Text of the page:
The National Police Commission (NAPOLCOM) 7 exercised administrative control and supervision while the local executives exercised operational supervision and direction over the INP units assigned within their respective localities. 8 The set-up whereby the INP was placed under the command of the military component, which is the PC, severely eroded the INP's civilian character and the multiplicity in the governance of the PC-INP resulted in inefficient police service. 9 Moreover, the integration of the national police forces with the PC also resulted in inequities since the military component had superior benefits and privileges. 10 The Constitutional Commission of 1986 was fully aware of the structural errors that beset the system. Thus, Com. Teodulo C. Natividad explained that: xxx xxx xxx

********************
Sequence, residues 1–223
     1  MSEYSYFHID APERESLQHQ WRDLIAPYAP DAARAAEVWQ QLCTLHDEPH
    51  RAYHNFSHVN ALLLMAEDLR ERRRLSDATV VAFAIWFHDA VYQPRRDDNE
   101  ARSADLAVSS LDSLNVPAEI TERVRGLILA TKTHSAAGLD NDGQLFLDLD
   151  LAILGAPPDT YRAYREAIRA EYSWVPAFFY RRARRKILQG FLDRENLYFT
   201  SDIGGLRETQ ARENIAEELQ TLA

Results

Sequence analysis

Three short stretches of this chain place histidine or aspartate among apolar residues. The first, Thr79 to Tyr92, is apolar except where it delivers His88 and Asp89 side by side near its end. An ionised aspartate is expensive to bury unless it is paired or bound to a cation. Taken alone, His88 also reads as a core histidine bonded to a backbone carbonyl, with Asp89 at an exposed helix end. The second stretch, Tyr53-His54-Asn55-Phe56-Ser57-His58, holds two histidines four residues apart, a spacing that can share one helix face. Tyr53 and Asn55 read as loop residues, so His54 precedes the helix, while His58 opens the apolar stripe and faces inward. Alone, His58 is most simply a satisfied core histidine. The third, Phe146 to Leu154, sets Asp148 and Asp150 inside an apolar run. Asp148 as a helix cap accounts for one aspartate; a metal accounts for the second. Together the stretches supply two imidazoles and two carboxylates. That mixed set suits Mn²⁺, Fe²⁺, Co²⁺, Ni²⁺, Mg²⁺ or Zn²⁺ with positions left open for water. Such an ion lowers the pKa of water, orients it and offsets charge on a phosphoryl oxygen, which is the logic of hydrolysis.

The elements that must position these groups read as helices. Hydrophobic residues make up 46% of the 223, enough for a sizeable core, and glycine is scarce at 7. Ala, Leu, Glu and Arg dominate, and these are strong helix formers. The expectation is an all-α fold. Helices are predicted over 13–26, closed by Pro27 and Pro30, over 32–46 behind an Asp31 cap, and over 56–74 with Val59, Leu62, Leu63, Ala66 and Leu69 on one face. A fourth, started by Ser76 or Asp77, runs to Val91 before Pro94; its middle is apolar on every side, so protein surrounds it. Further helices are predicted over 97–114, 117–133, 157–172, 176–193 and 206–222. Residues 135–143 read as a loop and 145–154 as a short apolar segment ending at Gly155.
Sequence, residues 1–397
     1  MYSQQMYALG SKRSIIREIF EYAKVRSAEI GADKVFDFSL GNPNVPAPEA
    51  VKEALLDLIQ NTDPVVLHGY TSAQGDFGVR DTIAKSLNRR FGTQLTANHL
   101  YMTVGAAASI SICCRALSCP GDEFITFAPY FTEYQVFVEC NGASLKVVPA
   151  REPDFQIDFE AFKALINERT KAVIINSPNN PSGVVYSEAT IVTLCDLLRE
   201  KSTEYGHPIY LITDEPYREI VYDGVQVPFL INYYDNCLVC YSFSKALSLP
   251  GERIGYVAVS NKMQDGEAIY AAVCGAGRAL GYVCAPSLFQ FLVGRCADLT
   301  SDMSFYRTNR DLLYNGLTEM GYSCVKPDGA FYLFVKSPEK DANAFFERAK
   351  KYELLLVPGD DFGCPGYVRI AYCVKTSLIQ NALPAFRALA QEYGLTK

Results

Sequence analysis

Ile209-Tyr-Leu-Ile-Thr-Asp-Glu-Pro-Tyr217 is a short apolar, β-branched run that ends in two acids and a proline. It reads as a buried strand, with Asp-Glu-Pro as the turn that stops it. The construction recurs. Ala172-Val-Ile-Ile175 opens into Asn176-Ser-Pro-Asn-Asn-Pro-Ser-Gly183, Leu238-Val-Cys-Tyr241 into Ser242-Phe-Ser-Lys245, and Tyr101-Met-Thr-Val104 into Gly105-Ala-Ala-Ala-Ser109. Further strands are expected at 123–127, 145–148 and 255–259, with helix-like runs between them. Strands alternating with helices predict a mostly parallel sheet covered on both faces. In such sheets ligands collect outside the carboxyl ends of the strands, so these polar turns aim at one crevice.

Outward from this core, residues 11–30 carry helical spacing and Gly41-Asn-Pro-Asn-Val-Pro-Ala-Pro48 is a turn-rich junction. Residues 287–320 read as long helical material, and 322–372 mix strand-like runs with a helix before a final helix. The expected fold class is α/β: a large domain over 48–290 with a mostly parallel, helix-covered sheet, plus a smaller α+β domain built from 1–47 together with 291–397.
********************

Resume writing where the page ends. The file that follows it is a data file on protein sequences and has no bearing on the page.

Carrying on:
MR. NATIVIDAD. . . . The basic tenet of a modern police organization is to remove it from the military. 11
xxx xxx xxx
Here in our draft Constitution, we have already made a constitutional postulate that the military cannot occupy any civil service position [in Section 6 of the Article on the Civil Service 12] Therefore, in keeping with this and because of the universal acceptance that a police force is a civilian function, a public service, and should not be performed by military force, one of the basic reforms we are presenting here is that it should be separated from the military force which is the PC. 13
xxx xxx xxx Furthermore: xxx xxx xxx
. . . the civilian police cannot blossom into full profession because most of the key positions are being occupied by the military So, it is up to this Commission to remove the police from such a situation so that it can develop into a truly professional civilian police. . . . 14